I reject the framing of truth vs winning. Instead, I propose that only winning matters. Truth has no terminal value.

It does, however, have enormous instrumental value. For this reason, I support the norm always to tell the truth even if it appears as if the consequences are net negative – with the reasoning that they probably aren't, at least not in expectation. This is so in part because truth feels extremely important to many of us, which means that having such a norm in place is highly beneficial.

The other response is much more interesting, arguing that appeals to consequences are generally bad, and that meta-level considerations mean we should generally speak the truth even if the immediate consequences are bad. I find this really interesting because it is ultimately about infohazards: those rare cases where there is a conflict between epistemic and instrumental rationality. Typically, we believe that having more truth (via epistemic rationality) is a positive trait that allows you to “win” more (thus aligning with instrumental rationality). But when more truth becomes harmful, which do we preference: truth, or winning?

The keyword here is "immediate" [emphasis added], which you drop by the end. I agree with the first part of this paragraph but disagree with the final sentence. Instead, my question would have been, "but when more truth appears to become harmful, how do we balance the immediate consequences against the long term/fuzzy/uncertain but potentially enormous consequences of violating the truth norm?"

I read jimrandomh's comment as reasoning from this framework (rather than arguing that we should assign truth terminal value), but this might be confirmation bias.

I also support the general norm to default to truth. But I do believe there are cases where the negative consequences of truth become so severe and immediate that it is reasonable to not do so in favour of winning. The bar for that should be very high, but not unreachable.

Winning vs Truth – Infohazard Trade-Offs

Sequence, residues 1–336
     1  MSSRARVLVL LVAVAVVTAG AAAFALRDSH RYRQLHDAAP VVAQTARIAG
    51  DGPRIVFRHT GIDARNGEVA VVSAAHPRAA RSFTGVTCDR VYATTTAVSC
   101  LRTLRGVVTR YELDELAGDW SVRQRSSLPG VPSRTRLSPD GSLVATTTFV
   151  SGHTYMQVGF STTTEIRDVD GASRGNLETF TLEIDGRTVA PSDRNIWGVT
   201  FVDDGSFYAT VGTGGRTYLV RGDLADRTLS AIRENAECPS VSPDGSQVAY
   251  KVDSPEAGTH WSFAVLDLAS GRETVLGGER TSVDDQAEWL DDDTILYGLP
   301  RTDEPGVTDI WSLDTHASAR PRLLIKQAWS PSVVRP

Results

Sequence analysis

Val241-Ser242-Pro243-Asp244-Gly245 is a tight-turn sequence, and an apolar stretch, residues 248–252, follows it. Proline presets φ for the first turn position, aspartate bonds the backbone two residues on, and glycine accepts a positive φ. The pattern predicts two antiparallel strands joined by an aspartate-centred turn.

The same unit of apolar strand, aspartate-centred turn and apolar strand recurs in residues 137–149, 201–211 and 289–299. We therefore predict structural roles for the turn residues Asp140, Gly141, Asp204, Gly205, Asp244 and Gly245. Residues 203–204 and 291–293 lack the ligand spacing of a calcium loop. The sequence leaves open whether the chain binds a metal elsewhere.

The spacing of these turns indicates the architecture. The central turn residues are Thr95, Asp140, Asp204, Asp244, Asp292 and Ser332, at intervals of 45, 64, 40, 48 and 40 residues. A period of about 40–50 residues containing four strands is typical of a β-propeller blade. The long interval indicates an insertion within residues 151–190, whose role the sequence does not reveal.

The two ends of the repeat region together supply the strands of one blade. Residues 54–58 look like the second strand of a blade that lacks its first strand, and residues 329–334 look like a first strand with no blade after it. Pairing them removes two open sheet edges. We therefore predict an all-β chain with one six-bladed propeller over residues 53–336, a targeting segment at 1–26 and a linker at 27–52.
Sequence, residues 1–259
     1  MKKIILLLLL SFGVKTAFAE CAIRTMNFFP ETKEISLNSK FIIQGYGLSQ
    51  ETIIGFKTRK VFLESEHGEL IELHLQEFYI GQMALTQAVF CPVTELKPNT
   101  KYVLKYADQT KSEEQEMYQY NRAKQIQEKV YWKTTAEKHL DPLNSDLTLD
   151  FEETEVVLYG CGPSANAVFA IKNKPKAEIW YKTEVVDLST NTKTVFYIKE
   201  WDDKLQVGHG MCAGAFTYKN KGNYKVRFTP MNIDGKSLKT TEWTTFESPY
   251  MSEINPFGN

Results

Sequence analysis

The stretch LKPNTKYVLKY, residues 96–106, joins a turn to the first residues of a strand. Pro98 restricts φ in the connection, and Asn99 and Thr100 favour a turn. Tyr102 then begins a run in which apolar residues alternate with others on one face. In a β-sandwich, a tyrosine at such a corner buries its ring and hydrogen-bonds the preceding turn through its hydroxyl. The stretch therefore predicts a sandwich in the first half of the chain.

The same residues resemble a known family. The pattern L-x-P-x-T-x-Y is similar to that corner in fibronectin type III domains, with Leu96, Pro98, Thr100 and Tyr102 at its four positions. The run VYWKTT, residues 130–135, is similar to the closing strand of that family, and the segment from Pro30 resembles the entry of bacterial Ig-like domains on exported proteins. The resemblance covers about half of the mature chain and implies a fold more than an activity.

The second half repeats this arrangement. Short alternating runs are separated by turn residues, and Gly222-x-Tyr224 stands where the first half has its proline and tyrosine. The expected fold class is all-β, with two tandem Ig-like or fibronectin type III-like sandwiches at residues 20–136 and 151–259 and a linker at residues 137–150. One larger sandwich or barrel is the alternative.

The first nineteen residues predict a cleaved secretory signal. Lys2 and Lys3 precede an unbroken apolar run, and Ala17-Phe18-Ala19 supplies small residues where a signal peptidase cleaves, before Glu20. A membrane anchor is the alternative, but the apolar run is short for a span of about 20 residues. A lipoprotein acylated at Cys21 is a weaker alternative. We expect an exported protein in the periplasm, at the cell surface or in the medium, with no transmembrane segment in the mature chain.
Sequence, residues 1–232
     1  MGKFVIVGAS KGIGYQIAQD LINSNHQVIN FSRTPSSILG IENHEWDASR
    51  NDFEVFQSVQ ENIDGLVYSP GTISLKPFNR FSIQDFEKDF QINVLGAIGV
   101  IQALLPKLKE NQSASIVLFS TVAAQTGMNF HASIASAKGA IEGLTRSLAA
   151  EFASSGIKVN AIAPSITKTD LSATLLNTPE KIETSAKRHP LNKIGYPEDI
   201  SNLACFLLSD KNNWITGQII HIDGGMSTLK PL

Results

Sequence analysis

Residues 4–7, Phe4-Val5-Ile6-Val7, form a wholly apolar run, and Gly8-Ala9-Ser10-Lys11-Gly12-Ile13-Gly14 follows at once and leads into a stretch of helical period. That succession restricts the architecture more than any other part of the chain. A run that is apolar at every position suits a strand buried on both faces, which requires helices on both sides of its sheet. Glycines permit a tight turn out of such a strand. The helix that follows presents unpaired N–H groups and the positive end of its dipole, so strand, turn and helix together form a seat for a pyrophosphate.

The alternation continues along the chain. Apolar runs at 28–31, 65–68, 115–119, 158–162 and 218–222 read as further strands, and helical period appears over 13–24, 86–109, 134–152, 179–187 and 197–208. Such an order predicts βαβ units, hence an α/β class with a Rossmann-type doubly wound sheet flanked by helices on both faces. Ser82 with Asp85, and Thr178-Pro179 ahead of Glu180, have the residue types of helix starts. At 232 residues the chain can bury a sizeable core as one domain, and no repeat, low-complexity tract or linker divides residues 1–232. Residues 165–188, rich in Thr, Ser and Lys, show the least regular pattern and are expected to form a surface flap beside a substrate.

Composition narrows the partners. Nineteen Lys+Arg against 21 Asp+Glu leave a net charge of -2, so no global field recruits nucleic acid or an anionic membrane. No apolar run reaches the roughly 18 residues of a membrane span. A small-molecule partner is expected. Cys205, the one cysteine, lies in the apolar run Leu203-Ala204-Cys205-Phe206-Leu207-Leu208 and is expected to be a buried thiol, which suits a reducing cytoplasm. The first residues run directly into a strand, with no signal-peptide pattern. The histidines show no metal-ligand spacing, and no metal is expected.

by eapache 1 min read7th Mar 202011 comments

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[Cross-posted from Grand Unified Crazy.]

This post on the credibility of the CDC has sparked a great deal of discussion on the ethics of posts like it. Some people claim that the post itself is harmful, arguing that anything which reduces trust in the CDC will likely kill people as they ignore or reject important advice for dealing with SARS-CoV-2 and (in the long-run) other issues like vaccination. This argument has been met with two very different responses.

One response has been to argue that the CDC’s advice is so bad that reducing trust in it will actually have a net positive effect in the long run. This is an ultimately empirical question which somebody should probably address, but I do not have the skills or interest to attempt that.

The other response is much more interesting, arguing that appeals to consequences are generally bad, and that meta-level considerations mean we should generally speak the truth even if the immediate consequences are bad. I find this really interesting because it is ultimately about infohazards: those rare cases where there is a conflict between epistemic and instrumental rationality. Typically, we believe that having more truth (via epistemic rationality) is a positive trait that allows you to “win” more (thus aligning with instrumental rationality). But when more truth becomes harmful, which do we preference: truth, or winning?

Some people will just decide to value truth more than winning as an axiom of their value system. But for most of us, ultimately I think this also boils down to an empirical question of just how bad “not winning” will end up being. It’s easy to see that for sufficiently severe cases, natural selection takes over: any meme/person/thing that prefers truth over winning in those cases will die out, to be replaced by memes/people/things that choose to win. I personally will prefer winning in those cases. It’s also true that most of the time, truth actually helps you win in the long run. We should probably reject untrue claims even if they provide a small amount of extra short-term winning, since in the long run having an untrue belief is likely to prevent us from winning in ways we can’t predict.

Figuring out where the cut-over point lies between truth and winning seems non-trivial. Based on my examples above we can derive two simple heuristics to start off:

  • Prefer truth over winning by default.
  • Prefer winning over truth if the cost of not winning is destruction of yourself or your community. (It’s interesting to note that this heuristic arguably already applies to SARS-Cov-2, at least for some people in at-risk demographics.)

What other heuristics do other people use for this question? How do they come out on the CDC post and SARS-CoV-2?

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